Dear All About Jazz Readers,

If you're familiar with All About Jazz, you know that we've dedicated over two decades to supporting jazz as an art form, and more importantly, the creative musicians who make it. Our enduring commitment has made All About Jazz one of the most culturally important websites of its kind in the world reaching hundreds of thousands of readers every month. However, to expand our offerings and develop new means to foster jazz discovery we need your help.

You can become a sustaining member for a modest $20 and in return, we'll immediately hide those pesky Google ads PLUS deliver exclusive content and provide access to future articles for a full year! This combination will not only improve your AAJ experience, it will allow us to continue to rigorously build on the great work we first started in 1995. Read on to view our project ideas...

5

Manuel Valera Trio: The Seasons

Troy Dostert By

Sign in to view read count
Although Manuel Valera originally staked his claim to fame as a "Latin jazz" pianist, it's fair to say that he has sought to transcend the constraints imposed by that label. On this release, the second by his trio with bassist Hans Glawischnig and drummer E.J. Strickland, Valera displays just as much interest in drawing from the musical worlds of classical and pop, refracted through the general prism of post-bop, as anything immediately identifiable as "Latin" jazz. With a well-developed group sound honed during four years of partnership, Valera's trio ultimately moves beyond category altogether.

The album's title comes from a four-part suite Valera composed with inspiration from Antonio Vivaldi's Four Seasons. Rather than slavish imitation, Valera uses Vivaldi's concept more than his musical themes, as one is hard-pressed to hear any overt references to the original concertos. Instead, Valera uses the notion of the cyclical passage of time as a springboard for his own rich compositions—especially effectively in the fourth movement, "Winter," with the tune's poignant melody introduced by Glawischnig and accompanied with subtle Latin inflections on the toms by Strickland. Yes, there are Latin stylistic elements present throughout the record, but they're usually understated. Indeed, the album's most "Latin" composition, Cuban songwriter Osvaldo Farres's "Tres Palabras," receives Valera's most classically-inspired performance, with gentle arpeggios and delicate pianistic flourishes that emphasize the lyrical dimensions of the song rather than its rhythmic aspects.

Of the trio's many strengths, perhaps its most distinctive is its percussive power, noticeable especially on the up-tempo numbers. Strickland is crucial in this regard, as his seemingly inexhaustible energy fuels burners like "Opening" and the band's charged version of Cole Porter's "What Is This Thing Called Love?" Valera's own technique relies heavily on his forceful left hand, with the intensity of his chords and ostinatos serving as a foundation for his impressive right-hand flights. On the less rambunctious tracks, like Lennon & McCartney's "In My Life" and Leonard Cohen's "Hallelujah," Valera's melodic sensibility shines and the band shows that it can offer beauty and strength in equal measure.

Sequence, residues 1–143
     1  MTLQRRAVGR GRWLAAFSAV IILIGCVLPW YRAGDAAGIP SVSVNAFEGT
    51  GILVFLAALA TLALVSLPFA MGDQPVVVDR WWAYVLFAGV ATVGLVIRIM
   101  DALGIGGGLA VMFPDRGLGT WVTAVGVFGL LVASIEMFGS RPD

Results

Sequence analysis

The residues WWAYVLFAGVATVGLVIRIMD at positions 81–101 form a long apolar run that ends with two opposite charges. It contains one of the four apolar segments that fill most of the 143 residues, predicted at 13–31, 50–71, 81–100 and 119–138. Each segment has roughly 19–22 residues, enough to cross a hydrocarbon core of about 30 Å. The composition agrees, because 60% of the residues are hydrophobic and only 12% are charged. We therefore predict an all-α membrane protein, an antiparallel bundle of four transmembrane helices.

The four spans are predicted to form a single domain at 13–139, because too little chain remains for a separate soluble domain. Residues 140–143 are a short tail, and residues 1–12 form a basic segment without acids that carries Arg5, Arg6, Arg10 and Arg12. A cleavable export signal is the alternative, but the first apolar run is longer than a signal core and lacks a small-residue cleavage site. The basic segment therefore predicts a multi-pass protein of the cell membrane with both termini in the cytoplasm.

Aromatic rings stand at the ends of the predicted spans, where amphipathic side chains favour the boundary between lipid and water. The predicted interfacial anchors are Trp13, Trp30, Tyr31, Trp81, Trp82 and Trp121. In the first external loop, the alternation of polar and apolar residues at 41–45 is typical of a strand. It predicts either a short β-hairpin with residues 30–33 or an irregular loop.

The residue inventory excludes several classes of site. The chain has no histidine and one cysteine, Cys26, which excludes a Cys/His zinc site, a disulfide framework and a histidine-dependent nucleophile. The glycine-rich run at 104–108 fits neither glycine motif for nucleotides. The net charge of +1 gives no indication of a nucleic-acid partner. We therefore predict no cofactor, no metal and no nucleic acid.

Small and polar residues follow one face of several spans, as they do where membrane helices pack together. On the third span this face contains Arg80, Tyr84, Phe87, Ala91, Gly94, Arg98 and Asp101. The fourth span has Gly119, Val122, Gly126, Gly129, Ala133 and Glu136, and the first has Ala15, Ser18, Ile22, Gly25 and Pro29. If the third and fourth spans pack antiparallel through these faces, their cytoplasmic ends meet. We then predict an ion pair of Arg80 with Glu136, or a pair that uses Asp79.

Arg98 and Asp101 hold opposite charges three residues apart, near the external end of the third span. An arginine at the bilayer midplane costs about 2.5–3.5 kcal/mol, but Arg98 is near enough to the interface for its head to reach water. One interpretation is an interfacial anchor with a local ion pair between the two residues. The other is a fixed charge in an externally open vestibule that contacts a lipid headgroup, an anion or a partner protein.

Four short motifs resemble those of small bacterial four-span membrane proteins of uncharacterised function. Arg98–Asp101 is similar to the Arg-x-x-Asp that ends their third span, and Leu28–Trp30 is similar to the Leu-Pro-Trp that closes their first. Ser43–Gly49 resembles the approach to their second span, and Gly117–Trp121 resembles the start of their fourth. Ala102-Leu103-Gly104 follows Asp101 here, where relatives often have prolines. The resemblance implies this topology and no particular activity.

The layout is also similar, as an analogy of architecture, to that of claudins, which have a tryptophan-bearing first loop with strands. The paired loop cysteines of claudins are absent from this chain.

With well-chosen material expertly performed, this is a recording destined to help Valera shed the "Latin jazz" tag. Instead, let's be content to call him what he is: an abundantly talented and imaginative pianist. And leave it at that.

Tags

comments powered by Disqus

Shop for Music

Start your music shopping from All About Jazz and you'll support us in the process. Learn how.

Album Reviews
Read more articles
The Seasons

The Seasons

Mavo Records
2017

buy
Unable to find .

SELECT e.id, e.event_type, e.musician_id, e.entity, e.festival, e.house_concert, e.city as ecity, e.state as estate, e.country as ecountry, e.location, e.dt, e.title, e.country_subd, e.state_subd, e.city_subd, e.advertised, e.start, e.price, e.currency, entity.name AS entity_name, entity.city, entity.state, entity.country, entity.country_subd AS entity_country_subd, entity.state_subd AS entity_state_subd, entity.city_subd AS entity_city_subd, country.abbrev AS country_name, currency.name AS currencyname, entity.ticket_url AS ticket_url, musician.thumb_img AS thumb_img FROM musician_event me LEFT JOIN event e ON e.id = me.event LEFT JOIN musician ON e.musician_id = musician.id LEFT JOIN entity ON entity.id = e.entity LEFT JOIN country ON country.id = entity.country LEFT JOIN currency ON currency.id = e.currency WHERE e.active <> 0 AND e.is_planned=0 AND e.dt >= CURDATE() AND me.musician = ORDER BY e.dt LIMIT 7

You have an error in your SQL syntax; check the manual that corresponds to your MySQL server version for the right syntax to use near 'ORDER BY e.dt LIMIT 7' at line 1